Counterterror strategy reset on ‘adherents’
The Obama administration’s new counterterrorism strategy, the first since the killing of Osama bin Laden in May, will focus on would-be terrorists in the United States who are inspired by al Qaeda’s “hateful ideology,” the president’s top adviser for homeland security and counterterrorism said June 29.
“This is the first counterterrorism strategy that focuses on the ability of al Qaeda and its network to inspire people in the United States to attack us from within,” John Brennan said in an address at Johns Hopkins University’s School of Advanced International Studies.
Mr. Brennan noted that the strategy is the first to “designate the homeland as a primary area of emphasis in our counterterrorism efforts.”
In his speech, Mr. Brennan also said the administration will concentrate on eradicating havens for al Qaeda affiliates in North Africa, Yemen, Iraq and Somalia. He stressed that the United States would continue to work with elements of Yemen’s government even as that regime appears to be crumbling.
The counterterrorism strategy focuses on a category of threat it calls “adherents.”
A strategy document released to coincide with Mr. Brennan’s speech defines adherents as “individuals who have formed collaborative relationships with, act on behalf of, or are otherwise inspired to take action in furtherance of the goals of [al Qaeda], the organization and the ideology, including by engaging in violence, regardless of whether such violence is targeted at the United States, its citizens, or its interests.”
Through websites, videos and audiotapes, al Qaeda leaders have reached out to sympathetic Muslims in the United States, encouraging them to conduct “lone-wolf” terrorist attacks to avenge the death of bin Laden in a U.S. raid in Pakistan.
The adherents category would apply to Army Maj. Nidal Malik Hasan, who is accused of killing 13 people and wounding 32 others in a 2009 shooting spree at Fort Hood, Texas.
Investigators have determined that Maj. Hasan was inspired by the radical cleric Anwar al-Awlaki, the U.S.Yemeni citizen whose Internet sermons urge listeners to take up arms against the United States. But Maj. Hasan was not a formal member of al Qaeda or one of its affiliates.
Identifying al Qaeda adherents as a core threat against the United States is a new approach for the Obama administration, which scrambled to explain gaps in homeland security that allowed the Fort Hood massacre and a 2009 attack at a military recruiting station in Arkansas.
Mr. Brennan defined adherents as “individuals, sometimes with little or no direct physical contact with al Qaeda, who have succumbed to its hateful ideology and who have engaged in, or facilitated, terrorist activities here in the United States.”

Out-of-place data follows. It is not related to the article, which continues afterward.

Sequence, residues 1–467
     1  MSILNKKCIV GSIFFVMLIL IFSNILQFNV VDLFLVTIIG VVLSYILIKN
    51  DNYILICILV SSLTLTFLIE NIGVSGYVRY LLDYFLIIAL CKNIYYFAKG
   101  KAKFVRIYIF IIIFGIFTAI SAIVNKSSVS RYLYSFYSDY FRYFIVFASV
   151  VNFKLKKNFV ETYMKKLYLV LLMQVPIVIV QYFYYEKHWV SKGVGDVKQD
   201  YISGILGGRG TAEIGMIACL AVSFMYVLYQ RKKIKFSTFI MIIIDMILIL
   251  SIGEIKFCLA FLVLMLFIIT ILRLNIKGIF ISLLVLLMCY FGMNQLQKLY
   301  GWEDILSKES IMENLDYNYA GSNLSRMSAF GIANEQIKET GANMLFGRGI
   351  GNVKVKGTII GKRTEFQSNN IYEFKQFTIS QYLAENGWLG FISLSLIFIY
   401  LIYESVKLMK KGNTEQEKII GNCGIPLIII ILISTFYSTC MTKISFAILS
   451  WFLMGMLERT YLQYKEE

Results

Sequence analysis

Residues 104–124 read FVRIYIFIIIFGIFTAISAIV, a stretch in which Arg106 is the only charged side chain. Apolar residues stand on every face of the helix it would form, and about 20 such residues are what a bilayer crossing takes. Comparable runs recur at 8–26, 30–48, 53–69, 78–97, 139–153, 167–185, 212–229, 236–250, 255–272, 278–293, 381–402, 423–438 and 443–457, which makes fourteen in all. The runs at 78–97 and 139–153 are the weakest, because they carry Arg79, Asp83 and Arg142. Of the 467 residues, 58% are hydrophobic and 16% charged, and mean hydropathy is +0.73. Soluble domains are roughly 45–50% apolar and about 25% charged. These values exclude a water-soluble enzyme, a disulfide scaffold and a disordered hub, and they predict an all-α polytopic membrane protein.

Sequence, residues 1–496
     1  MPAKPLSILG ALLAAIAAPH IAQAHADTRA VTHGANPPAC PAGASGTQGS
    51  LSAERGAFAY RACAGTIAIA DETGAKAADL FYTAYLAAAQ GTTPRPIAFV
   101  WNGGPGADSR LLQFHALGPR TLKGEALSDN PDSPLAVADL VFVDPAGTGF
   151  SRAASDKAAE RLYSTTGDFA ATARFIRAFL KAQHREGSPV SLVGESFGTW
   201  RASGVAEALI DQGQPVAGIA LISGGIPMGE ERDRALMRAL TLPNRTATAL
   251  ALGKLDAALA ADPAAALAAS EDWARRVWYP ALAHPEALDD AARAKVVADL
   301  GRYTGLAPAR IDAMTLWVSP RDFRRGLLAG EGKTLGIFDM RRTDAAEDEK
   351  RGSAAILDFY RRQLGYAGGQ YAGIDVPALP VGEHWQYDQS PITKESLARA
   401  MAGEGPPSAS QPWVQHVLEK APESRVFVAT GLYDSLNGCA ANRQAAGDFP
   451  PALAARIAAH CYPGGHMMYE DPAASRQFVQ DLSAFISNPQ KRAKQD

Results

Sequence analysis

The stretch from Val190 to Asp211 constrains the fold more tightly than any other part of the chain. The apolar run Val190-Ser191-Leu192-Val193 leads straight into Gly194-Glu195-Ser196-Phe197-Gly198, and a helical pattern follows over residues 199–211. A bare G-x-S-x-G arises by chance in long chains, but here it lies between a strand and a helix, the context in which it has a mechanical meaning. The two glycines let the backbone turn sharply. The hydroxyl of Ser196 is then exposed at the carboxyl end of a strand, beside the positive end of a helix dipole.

This strategy could pose legal issues for the United States, which traditionally has focused counterterrorism efforts on designated people and organizations.
Bruce Riedel, a former CIA officer and senior fellow at the Brookings Institution, described the adherents category as “a recognition that it’s not just a small group of people who have the al Qaeda secret handshake” who pose a threat.
“One of the things [Mr. Brennan] said explicitly is that the Pakistan Taliban is an affiliate of al Qaeda,” Mr. Riedel said. “Well, Pakistan Taliban is not under the pressure al Qaeda is under. It’s under very little pressure.”
Hina Shamsi, director of the national security project at the American Civil Liberties Union, said: “The strategy pays lip service, as it should, to adherence to our values and the rule of law. But there is a significant difference between that rhetoric and the policies the administration is actually following.”
Ms. Shamsi said her organization is still worried about the Obama administration’s “use of force outside the confines of armed conflict and overly expansive detention authority and continued defense of warrantless surveillance.”
In his speech, Mr. Brennan said a core part of the administration’s strategy against al Qaeda is “living our values.” He pointed out that President Obama, in his first days in office, banned torture and promised to close the detention facility for terrorism suspects at U.S. Naval Base Guantanamo Bay, Cuba.
Mr. Brennan stressed that the fight against al Qaeda is not over. The killing of bin Laden and other key jihadist leaders “allows us for the first time to envision the demise of al Qaeda’s core leadership in the coming years,” he said.
“It will take time, but make no mistake: al Qaeda is in decline,” he added.
Mr. Brennan said al Qaeda’s new leader, Ayman al-Zawahri, is “an aging doctor who lacks bin Laden’s charisma and perhaps the loyalty and respect of many within al Qaeda.”
Some U.S. analysts have said the loyalty oaths al Qaeda operatives have taken over the years to bin Laden would not transfer to al-Zawahri.
Though Mr. Brennan said al Qaeda is in decline, he noted that a key part of the new strategy is to make the United States resilient to catastrophic terrorist attacks.
“A responsible, effective counterterrorism strategy recognizes that no nation, no matter how powerful, including a free and open society of 300 million Americans, can prevent every single threat from every single individual who wishes to do us harm,” he said.
“It’s not enough to simply be prepared for attacks. We have to be resilient and recover quickly should an attack occur.”
The White House strategy document discusses the idea of making key parts of the U.S. infrastructure and landmarks “hardened targets.” It also says the U.S. must demonstrate to al Qaeda that it can rebuild quickly after a catastrophic attack.
Still work to do: John Brennan, the top presidential adviser on homeland security and counterterrorism, stresses that the fight against al Qaeda is not over, despite the killing of terrorist mastermind Osama bin Laden.